We soon learn Miss Nora Cronin is unmarried (has never married), lost her father some time ago and now cares for her elderly mother who has lost her vision. Mother and daughter are geographically and socially isolated. Even the nearest neighbours have moved away. However, in this marginalised position of society, she is at least free from the constraints of heterosexual marriage. When Munro writes marginalised women, she tends to give them agency.

The narrator has never seen a blind woman before seeing Miss Nora Cronin’s mother.

Are the Cronin women Black? (Or perhaps just Nora, who may be “coloured”?) If so, it’s possible the young narrator never been to a Black person’s house, either. She’s never been inside the home of a Roman Catholic, revealed by the picture of Mary Magdalene on the wall. The mother is blind, but Nora does not ‘blindly’ conform to the rules of society, which requires marriage and childbearing and a nice house and nice clothes in the social milieu which requires a town or suburbs.

Who is Miss Nora to Ben? She could be a nanny or former hired help who cared for Ben when he was a child or teenager. However it gradually becomes clear that, however they got to know each other, there’s a romantic backstory between them. Miss Nora knows how well he dances. They drink whiskey together. The daughter had no idea her father drank whiskey and in fact she believed he didn’t.

This is an adolescent learning that her father had an entire other life in the beforetimes. Whereas her mother likes to think about their life on the farm in Dungannon, her father likes to revisit the time before that — before he was married with children.

On the way home, the father buys the children licorice, which he shares with his children. We can assume the licorice is black. My reading of this story is probably not the correct take, because I haven’t seen other commentators read Nora as a Black woman. What led me to this view aside from the physical description: I think this minor detail of black licorice means the father has just shared with his daughter that he fell in love with a Black woman in his youth. In this scenario, the other reason that would never have worked is because the woman is Catholic, and marriage between a conservative Presbyterian family and a Catholic family is verboten.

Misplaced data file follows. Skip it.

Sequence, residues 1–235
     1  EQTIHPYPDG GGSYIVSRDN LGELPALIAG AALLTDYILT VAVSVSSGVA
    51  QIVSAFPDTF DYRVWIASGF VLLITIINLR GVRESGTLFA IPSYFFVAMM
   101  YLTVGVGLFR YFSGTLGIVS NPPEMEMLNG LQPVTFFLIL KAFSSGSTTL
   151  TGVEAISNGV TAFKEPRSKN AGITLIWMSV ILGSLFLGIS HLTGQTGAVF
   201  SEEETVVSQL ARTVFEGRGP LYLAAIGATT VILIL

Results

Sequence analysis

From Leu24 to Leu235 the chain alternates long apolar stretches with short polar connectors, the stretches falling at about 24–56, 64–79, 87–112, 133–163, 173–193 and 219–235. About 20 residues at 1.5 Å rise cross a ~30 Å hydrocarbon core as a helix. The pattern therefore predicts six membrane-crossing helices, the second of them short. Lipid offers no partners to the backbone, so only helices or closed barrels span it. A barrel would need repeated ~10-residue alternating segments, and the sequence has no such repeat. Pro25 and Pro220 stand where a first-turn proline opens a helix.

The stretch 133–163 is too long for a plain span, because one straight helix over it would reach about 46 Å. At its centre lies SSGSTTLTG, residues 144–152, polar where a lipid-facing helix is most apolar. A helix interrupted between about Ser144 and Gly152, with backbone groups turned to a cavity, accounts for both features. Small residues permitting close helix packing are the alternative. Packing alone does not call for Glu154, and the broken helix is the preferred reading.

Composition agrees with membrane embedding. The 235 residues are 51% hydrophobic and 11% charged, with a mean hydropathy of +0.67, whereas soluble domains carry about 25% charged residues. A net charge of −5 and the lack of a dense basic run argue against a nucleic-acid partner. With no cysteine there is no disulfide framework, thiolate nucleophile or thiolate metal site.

I find the penultimate paragraph very moving. Alice Munro has stuck the landing. The emotional valence of the car ride has changed from upbeat to sombre, because we know he won’t be back to see his former girlfriend and her ageing mother. He can’t allow himself to dilly-dally in an alternative life he could have had, were different choices made, if choices weren’t trammelled by social conventions — the very hierarchies his wife cares so much about. She cares about them for a reason. Discrimination is real.

Although she has learned something about her father this afternoon, it’s possible the narrator is now in a better position to understand her own mother as well. Her parents came together partly because they were good on paper. And it’s not just her mother who does the expected thing, following the script of life. Her father is in the same boat. As she watches the sun set over the landscape, she feels a certain awe for the unknown, which offers insight into the nature of her parents’ marriage.

And when they return to Tuppertown the sky is grey again, indicating that things are back to a boring sort of normal. This was one of those half-epiphanies of childhood, which she will sublimate until she’s a much older woman, writing this story down.


After WWI, America went from sending food to war-starved Europe to suddenly no longer being the land of plenty. Authors Jane Ziegelman and Andy Coe discuss the culinary impact of that period which they chronicle in their new book, A Square Meal, A Culinary History of the Great Depression.

Meat Loaf & Casseroles: Food of the Great Depression (American)


  1. Walker Brothers Cowboy
  2. The Shining Houses” — In a new neighbourhood, many houses have been built next to an old one. The owner of the older house, Mrs. Fullerton, does not take care of her property to the extent that the owners of the new houses would like. They conspire to get rid of the old poultry-farming witch. Only our narrator seems conflicted.
  3. Images” — A little girl is the narrator of this double character study: A second cousin who came to take care of the household while her own mother was sick, and a man with a psychotic mental illness who lived alone in the woods. After meeting the man in the woods, the little girl learns not to be afraid of the woman who has infiltrated the household to take care of them all.
  4. Thanks for the Ride” — This story is written with the viewpoint character of a young man. He has just finished school and is out with his older cousin with the purpose of losing his virginity. Together they pick up some ‘loose’ girls. The whole experience is perfunctory and defamiliarizing.
  5. The Office” — A housewife decides to improve her life by carving out some time for herself to pursue her passion of writing. So she rents a room above a hair salon and drugstore. But the landlord won’t leave her in peace, deeming her time his.
  6. An Ounce of Cure” — A young teenager is pining after a boy who dumped her months ago for another girl. She can barely think of anything else. One night she is babysitting when she spies three bottles of liquor on the bench. She accidentally gets very drunk and very caught out. Her reputation is ruined. But as an older woman looking back on this time, she is glad it happened.